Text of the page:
Secondary Liability for Inducing Copyright Infringement After MGM v. Grokster: Infringement-Prevention and Product Design
The Supreme Court's treatment of infringement-prevention and product-design omissions in Grokster presents serious issues for lower courts and litigants in copyright cases involving allegations of inducement. The Court's brief discussion does not fit comfortably within the construct of its core holding, which provides that intent to induce may be shown either by clear expression or other affirmative steps to induce infringement, and the decision gives little guidance on the threshold circumstances in which evidence of a product distributor's failure to develop infringement-preventing mechanisms is relevant to intent. Moreover, the Court injected the issue of product design into inducement doctrine without discussing the appropriate substantive standard for determining when failure to employ an alternative design is probative of intent to induce.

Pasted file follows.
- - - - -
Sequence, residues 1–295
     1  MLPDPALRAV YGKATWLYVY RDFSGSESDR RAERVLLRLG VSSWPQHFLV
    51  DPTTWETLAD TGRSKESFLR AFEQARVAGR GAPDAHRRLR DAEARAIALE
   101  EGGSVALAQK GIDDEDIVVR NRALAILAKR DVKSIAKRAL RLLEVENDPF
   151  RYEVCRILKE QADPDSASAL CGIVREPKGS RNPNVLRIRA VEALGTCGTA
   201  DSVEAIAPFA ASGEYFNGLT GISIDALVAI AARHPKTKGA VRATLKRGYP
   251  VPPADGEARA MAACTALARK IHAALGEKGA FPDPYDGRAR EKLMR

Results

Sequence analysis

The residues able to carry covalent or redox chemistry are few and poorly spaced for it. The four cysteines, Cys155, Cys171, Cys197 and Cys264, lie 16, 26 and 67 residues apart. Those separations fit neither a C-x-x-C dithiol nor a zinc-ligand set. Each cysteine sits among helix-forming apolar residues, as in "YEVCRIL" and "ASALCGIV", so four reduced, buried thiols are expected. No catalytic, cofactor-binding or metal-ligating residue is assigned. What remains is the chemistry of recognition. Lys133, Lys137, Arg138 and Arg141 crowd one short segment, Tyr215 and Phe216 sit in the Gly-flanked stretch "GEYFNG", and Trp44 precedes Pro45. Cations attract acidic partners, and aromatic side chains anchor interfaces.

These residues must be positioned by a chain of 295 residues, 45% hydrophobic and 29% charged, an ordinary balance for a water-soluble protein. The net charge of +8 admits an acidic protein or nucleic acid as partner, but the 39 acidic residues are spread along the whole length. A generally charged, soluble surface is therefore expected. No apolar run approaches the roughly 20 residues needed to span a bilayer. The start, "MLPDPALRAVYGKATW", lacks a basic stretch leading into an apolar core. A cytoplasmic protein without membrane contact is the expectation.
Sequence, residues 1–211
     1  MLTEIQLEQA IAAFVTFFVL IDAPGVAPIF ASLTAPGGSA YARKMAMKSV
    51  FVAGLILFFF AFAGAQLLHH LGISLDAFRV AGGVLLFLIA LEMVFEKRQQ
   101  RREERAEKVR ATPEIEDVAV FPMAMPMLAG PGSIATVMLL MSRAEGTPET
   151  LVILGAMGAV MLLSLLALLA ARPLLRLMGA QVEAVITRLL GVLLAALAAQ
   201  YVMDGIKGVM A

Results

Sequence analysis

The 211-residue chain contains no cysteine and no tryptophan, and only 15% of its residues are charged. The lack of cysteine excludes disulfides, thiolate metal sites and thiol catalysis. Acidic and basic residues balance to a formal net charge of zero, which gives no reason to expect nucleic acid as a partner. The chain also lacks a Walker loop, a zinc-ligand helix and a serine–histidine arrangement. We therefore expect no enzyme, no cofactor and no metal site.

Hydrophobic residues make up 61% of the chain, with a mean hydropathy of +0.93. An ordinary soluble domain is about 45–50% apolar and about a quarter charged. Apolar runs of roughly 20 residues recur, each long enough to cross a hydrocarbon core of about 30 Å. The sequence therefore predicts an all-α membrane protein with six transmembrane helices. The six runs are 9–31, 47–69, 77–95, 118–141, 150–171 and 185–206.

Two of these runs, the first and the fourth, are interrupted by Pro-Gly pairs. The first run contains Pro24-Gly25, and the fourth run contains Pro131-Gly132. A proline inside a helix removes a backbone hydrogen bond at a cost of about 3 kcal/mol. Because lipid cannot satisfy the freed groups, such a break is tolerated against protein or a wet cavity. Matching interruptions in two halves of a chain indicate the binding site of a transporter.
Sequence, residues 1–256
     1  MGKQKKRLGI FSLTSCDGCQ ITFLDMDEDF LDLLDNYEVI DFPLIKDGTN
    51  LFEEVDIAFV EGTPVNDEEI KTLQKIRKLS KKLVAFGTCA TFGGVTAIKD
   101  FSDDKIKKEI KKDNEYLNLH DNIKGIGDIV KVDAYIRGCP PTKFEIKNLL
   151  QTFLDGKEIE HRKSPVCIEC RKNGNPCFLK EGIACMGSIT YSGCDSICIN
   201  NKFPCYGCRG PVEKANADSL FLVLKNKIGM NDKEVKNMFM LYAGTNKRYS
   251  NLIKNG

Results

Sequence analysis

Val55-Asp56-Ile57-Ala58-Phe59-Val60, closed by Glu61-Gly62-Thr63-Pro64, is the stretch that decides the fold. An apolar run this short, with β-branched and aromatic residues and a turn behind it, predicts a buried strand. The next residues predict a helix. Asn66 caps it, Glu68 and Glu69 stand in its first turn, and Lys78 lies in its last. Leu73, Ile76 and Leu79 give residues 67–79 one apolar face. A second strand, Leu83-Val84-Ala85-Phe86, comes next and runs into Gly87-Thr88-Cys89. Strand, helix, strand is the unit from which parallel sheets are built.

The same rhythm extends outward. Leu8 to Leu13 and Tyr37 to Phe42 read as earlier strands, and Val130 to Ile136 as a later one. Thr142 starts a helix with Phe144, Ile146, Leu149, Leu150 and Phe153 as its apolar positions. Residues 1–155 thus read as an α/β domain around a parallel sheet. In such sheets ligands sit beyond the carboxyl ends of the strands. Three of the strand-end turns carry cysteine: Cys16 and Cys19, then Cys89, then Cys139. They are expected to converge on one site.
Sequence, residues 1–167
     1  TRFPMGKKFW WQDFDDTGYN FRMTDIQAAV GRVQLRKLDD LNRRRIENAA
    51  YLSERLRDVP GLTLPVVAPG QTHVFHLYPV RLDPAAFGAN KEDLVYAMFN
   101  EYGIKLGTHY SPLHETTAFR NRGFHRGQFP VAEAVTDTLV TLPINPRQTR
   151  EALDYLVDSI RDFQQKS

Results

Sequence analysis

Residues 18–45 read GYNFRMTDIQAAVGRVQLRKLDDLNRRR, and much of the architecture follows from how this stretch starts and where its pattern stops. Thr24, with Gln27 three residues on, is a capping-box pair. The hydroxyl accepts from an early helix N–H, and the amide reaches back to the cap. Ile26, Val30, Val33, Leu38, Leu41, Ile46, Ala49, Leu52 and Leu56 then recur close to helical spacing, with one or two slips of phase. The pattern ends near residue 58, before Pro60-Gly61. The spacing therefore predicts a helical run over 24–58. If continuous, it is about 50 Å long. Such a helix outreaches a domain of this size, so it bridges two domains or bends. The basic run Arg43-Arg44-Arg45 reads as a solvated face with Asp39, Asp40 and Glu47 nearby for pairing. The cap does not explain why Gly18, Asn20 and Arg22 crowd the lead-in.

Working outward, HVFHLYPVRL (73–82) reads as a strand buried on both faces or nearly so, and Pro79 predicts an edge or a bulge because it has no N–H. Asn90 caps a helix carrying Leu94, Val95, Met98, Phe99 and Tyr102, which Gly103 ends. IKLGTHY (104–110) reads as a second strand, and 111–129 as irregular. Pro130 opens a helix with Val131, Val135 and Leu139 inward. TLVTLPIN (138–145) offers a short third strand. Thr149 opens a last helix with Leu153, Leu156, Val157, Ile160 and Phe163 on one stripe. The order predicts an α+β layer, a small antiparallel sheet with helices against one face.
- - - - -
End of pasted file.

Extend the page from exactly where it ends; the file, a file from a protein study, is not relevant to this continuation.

Lower courts will need to establish a framework and standards for assessing the relevance and admissibility of product-design evidence, taking into account the overarching goals of copyright law. As the courts struggle to develop these principles, it may be useful to consider analogous or contrasting principles in other areas of copyright law as well as trademark law and products liability law. Given the fundamental nature of these issues, they are likely to have a ripple effect across various stages of litigation, including discovery, summary judgment, and trial.
In the near term, the uncertainty engendered by Grokster's product-design formulation promises to affect distributors of new products not only once they are involved in litigation, but also when they attempt to assess, before a product is distributed, the likelihood of secondary liability for consumers' infringing uses of the product. For emerging companies that create, sell, and market new digital technologies, this sort of uncertainty increases legal risk, which, when coupled with technical and financial risk, can burden innovation.
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Appeared in the December 2005 issue of Journal of Internet Law, Volume 9, Number 6. Copyright © 2005 Cooley Godward LLP. All rights reserved.